The soundtrack was nominated for the Best Score Soundtrack for Visual Media at the 2013 Grammy Awards, the first video game soundtrack to be nominated for that category, though it did not win. Additionally, the game won the award for best music and was nominated for the best graphics award from IGN, and was selected as the best PlayStation Network game by GameSpot. At the Spike Video Game Awards, Journey won awards as the best PlayStation 3 game, the best indie game, and the game with the best music, and was additionally nominated for game of the year, best downloadable game, best graphics, and best song in a game for "I Was Born For This". It received the 2013 Annie Award for video game animation. It won five awards at the 2013 British Academy of Film and Television Arts awards: Artistic Achievement, Audio Achievement, Game Design, Online Multiplayer and Original Music, and was nominated for Best Game, Game Innovation and Story. In March 2013, it won six awards at the annual Game Developers Choice Awards: Best Audio, Best Game Design, Best Visual Arts, Best Downloadable Game, the Innovation Award, and Game of the Year.

Journey received high acclaim from critics who praised the visual and auditory art direction as well as the emotional response playing with a stranger created. It received the IGN Best Overall Game Award for 2012 and Ryan Clements of IGN described the game as "the most beautiful game of its time", saying, "each moment is like a painting, expertly framed and lit". Jane Douglas of GameSpot concurred, calling it "relentlessly beautiful" and lauding the visual diversity of the world and the depiction of the rippling sand; Matt Miller of Game Informer added praise for the animation of the sand and creatures, saying the game was visually stunning. The music was also complimented, with Miller describing it as a "breathtaking musical score" and Douglas calling it "moving, dynamic music".

Reviewers were especially pleased with the emotional experience of playing the game, particularly with other players. Christian Donlan of Eurogamer described it as a "non-denominational religious experience" that, with the addition of another player, moves beyond metaphors and becomes a "pilgrimage" to the player. A reviewer writing for Edgemagazine said the emotional arc of the game hits with "occasionally startling power", while Patrick Shaw from Wired said the game made him feel a "wide range of emotions... wonder, fear, even sadness". Miller said all three times he played the game, "each time, without fail, individual moments... managed to give me goosebumps, and those moments have remained on my mind for weeks afterward". Joel Gregory of PlayStation Official Magazine praised the game's story for being open to the player's interpretation, leaving an ambiguity that drew him in. The addition of an unnamed second player was described by Donlan as brilliant and as a "master stroke", and Edge said it made for "a more absorbing, more atmospheric experience".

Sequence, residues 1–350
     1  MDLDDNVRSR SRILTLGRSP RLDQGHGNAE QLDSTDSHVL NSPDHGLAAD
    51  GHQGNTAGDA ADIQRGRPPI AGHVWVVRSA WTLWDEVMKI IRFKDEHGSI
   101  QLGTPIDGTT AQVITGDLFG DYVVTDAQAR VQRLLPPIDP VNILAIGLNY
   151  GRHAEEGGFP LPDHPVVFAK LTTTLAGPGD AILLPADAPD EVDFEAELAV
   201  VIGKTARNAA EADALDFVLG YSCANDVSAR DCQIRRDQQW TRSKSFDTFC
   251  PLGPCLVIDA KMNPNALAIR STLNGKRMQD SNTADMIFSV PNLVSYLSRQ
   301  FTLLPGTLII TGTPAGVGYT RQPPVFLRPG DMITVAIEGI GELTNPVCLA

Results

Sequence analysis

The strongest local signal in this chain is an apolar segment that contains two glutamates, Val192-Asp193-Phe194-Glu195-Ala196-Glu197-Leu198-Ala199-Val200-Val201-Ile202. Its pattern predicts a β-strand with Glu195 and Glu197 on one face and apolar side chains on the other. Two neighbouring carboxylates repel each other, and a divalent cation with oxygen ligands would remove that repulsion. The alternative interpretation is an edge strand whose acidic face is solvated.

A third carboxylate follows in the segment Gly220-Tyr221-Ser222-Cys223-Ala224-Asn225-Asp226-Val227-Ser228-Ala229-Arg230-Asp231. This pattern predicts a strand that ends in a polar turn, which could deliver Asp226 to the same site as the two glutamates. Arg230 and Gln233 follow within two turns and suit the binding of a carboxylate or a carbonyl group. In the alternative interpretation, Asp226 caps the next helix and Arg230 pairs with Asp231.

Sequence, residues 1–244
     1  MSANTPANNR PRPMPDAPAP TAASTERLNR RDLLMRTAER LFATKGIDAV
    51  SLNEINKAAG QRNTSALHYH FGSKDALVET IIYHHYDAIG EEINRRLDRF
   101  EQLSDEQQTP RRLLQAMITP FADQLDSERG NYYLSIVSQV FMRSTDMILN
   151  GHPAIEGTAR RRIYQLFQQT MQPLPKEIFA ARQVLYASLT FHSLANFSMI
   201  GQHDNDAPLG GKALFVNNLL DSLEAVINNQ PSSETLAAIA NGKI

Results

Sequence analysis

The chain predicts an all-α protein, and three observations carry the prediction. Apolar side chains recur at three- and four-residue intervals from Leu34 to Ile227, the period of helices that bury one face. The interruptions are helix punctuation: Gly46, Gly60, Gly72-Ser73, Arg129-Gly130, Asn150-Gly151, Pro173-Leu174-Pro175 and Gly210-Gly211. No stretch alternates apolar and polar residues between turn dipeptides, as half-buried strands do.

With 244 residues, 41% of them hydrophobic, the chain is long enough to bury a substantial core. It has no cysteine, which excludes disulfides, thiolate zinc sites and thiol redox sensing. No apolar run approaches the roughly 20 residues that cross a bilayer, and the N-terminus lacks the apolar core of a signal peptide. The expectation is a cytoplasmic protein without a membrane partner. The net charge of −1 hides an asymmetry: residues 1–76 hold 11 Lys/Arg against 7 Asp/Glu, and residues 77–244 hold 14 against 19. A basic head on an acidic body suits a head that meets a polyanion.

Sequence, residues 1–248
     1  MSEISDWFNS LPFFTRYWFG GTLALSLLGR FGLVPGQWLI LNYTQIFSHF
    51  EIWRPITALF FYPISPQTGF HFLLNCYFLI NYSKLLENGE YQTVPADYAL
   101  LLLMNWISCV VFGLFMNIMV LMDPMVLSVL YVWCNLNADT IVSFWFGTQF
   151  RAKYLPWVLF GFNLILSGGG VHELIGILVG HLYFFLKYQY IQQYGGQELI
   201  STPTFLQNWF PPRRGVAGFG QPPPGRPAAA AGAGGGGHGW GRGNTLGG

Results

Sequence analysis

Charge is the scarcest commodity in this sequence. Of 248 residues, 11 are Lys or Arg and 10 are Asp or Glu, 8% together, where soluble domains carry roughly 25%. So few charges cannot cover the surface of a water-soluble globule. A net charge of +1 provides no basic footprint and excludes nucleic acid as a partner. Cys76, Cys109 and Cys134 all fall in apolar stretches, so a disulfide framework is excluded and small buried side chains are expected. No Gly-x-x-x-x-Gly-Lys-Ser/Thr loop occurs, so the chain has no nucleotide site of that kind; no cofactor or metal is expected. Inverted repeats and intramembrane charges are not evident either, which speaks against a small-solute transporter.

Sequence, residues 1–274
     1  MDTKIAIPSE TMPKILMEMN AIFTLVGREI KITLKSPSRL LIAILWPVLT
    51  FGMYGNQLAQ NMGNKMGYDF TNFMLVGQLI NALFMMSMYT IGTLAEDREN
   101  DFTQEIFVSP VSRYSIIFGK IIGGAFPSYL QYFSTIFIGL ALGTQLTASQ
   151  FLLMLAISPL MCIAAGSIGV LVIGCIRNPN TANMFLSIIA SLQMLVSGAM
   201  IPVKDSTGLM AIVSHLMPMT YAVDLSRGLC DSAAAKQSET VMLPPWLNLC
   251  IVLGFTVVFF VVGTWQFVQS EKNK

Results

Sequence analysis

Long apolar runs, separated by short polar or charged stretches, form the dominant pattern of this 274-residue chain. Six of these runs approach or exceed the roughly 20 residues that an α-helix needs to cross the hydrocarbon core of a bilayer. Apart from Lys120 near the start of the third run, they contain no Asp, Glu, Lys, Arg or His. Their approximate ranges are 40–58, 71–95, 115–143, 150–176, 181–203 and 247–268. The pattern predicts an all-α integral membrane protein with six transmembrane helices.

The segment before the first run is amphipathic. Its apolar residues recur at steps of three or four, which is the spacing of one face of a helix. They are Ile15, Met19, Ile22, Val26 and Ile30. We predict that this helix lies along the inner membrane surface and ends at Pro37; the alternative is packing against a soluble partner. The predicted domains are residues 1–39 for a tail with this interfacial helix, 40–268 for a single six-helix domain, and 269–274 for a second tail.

The few criticisms for the game centered on its length and pacing. Clements noted that not all players would appreciate a game with a "deliberate, melancholic pace" and short duration, comments echoed by the Edge review. Miller noted the lack of a complex gameplay elements in Journey, and Shaw was disappointed that the game was only a few hours long, though Douglas said the length was perfect. Miller concluded the game could be compared to "a musical concert, a well-directed film, or a long-awaited book", while Clements concluded, "completing Journey will create memories that last for years".